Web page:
Plenty of research shows that expressing gratitude can have powerful benefits on mental health and happiness.  We feel those benefits, of course, but the reasoning is less academic than that: simpler and closer to home.  It feels good to take those moments to be grateful, and the influence extends past that pre-dinner conversation.  I find now that as I cook dinner, while the front of my mind may be focused on gathering and preparing ingredients, another part is gathering and turning over the potential grattitudes for the day.  In that sort of unconscious sifting, seeking the best grattitude for the day, so many other small ones are identified and acknowledged, too.  

The structure of tying this practice to a meal, something that we do every day, helps enforce the ritual even on days where it takes a little work. Because there are some hard days--days where we sit in silence for a long moment feeling the effort of finding that grattitude. More and more I think those might be the days when it is most important to identify, articulate, and feel it.  The ritual is a reminder that there is always something, even on the hardest of days, to be grateful for.  We've worked in regions where a daily dinner is not a certainty for everyone, and no matter how bad things might be, we know that if we sit down to dinner there is that:  we can be grateful for the food.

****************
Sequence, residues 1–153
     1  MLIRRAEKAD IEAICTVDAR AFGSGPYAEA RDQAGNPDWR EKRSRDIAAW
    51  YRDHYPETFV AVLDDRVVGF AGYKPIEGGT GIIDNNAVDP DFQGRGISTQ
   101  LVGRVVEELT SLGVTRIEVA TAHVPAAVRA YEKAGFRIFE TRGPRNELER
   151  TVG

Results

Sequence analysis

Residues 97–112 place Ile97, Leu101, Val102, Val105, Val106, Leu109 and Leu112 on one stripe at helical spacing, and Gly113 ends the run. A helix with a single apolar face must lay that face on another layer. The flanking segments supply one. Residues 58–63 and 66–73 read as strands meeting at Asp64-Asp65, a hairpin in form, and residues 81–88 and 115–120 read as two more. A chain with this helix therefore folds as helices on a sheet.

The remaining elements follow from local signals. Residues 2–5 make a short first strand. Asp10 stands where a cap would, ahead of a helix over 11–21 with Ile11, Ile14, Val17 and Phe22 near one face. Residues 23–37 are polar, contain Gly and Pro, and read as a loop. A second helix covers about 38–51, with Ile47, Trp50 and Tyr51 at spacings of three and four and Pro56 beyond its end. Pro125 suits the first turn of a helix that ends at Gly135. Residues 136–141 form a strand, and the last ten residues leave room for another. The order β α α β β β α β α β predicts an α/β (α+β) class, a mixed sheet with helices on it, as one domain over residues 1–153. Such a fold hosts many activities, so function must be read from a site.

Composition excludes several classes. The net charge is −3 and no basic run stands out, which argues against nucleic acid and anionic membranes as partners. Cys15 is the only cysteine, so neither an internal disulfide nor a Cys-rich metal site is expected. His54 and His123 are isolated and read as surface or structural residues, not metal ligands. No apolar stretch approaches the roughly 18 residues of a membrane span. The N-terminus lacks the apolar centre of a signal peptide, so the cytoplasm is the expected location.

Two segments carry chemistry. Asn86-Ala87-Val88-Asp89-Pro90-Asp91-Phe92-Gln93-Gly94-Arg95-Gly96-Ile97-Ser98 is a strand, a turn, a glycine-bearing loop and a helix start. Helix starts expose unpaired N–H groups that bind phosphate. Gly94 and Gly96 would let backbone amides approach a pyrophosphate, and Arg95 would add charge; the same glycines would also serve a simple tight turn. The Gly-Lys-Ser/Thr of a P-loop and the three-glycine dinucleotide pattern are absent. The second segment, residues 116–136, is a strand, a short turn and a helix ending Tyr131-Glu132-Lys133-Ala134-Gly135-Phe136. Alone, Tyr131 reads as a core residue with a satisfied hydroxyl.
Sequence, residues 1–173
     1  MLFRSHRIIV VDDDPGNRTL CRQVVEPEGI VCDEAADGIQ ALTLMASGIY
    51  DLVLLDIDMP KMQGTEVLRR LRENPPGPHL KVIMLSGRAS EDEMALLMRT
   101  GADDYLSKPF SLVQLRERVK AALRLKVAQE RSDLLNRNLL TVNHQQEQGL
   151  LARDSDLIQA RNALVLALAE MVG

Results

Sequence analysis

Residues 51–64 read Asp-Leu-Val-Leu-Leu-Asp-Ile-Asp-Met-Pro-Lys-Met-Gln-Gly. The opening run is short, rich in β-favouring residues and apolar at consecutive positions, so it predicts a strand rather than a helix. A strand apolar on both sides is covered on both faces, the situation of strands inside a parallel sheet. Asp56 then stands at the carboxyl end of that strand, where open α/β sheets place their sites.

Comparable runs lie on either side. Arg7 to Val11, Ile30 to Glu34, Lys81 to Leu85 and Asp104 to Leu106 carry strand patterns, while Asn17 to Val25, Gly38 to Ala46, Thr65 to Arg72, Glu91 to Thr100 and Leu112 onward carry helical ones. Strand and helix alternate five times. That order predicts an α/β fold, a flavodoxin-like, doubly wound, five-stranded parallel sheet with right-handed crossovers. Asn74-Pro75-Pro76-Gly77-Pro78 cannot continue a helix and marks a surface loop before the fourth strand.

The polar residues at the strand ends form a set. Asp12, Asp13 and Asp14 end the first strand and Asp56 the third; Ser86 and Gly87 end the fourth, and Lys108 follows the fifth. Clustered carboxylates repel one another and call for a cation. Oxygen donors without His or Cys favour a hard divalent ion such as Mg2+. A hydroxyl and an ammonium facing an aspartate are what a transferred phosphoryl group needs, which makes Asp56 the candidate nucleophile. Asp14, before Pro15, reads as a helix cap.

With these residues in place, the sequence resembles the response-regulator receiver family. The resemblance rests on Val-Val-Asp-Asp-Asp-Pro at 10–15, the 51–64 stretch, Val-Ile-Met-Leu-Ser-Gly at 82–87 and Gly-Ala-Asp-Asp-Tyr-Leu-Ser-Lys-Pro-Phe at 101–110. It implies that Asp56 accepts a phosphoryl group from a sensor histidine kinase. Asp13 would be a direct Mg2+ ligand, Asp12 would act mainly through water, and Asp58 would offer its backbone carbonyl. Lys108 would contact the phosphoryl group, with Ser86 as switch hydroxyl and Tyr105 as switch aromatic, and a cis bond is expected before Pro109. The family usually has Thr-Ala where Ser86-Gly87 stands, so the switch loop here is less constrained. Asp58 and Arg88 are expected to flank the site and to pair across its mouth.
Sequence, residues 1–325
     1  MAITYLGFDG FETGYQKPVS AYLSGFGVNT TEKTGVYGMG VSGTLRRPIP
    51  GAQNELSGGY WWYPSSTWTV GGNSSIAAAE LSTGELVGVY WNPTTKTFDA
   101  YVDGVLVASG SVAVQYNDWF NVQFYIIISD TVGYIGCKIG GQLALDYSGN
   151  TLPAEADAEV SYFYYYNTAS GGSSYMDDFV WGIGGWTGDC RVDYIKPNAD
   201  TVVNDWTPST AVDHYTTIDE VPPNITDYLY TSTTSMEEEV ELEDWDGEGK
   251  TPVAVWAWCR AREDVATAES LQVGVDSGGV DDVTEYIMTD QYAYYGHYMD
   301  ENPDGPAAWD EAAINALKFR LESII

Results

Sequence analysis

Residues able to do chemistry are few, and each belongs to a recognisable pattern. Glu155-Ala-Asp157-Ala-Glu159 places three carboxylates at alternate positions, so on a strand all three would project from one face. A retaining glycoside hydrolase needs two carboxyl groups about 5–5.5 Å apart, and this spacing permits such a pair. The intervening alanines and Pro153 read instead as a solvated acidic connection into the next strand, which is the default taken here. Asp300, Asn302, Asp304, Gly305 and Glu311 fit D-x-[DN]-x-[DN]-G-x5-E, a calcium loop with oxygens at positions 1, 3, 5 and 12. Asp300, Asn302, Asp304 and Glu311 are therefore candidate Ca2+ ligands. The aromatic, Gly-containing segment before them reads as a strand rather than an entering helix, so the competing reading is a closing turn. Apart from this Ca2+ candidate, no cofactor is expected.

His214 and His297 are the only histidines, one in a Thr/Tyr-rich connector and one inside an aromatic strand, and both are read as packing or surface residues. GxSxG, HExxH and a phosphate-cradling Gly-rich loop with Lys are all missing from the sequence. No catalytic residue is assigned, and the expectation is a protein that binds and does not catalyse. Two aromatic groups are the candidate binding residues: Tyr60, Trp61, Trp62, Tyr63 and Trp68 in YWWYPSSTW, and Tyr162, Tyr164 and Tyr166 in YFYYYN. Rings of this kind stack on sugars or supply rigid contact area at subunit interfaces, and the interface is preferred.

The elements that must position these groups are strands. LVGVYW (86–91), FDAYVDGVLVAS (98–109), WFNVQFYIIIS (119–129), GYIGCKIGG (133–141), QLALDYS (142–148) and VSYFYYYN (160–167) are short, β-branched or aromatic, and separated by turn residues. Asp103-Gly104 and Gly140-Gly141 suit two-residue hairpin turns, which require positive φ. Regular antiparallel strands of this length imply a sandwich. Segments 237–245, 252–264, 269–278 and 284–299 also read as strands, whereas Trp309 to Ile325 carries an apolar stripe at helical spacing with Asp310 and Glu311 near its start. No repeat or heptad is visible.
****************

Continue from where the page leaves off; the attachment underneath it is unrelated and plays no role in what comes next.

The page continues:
We are grateful, this week, for the food that is still, even now, streaming in from the garden: for hundreds of pounds of squash, potatoes, and more piled up in all corners of home, garage, and barn. We are grateful for friends and neighbors who have come to join us at our table with their thoughts, ideas, and offers of help.  As the garden winds down, we are grateful for all we have learned and grown and harvested from it this season.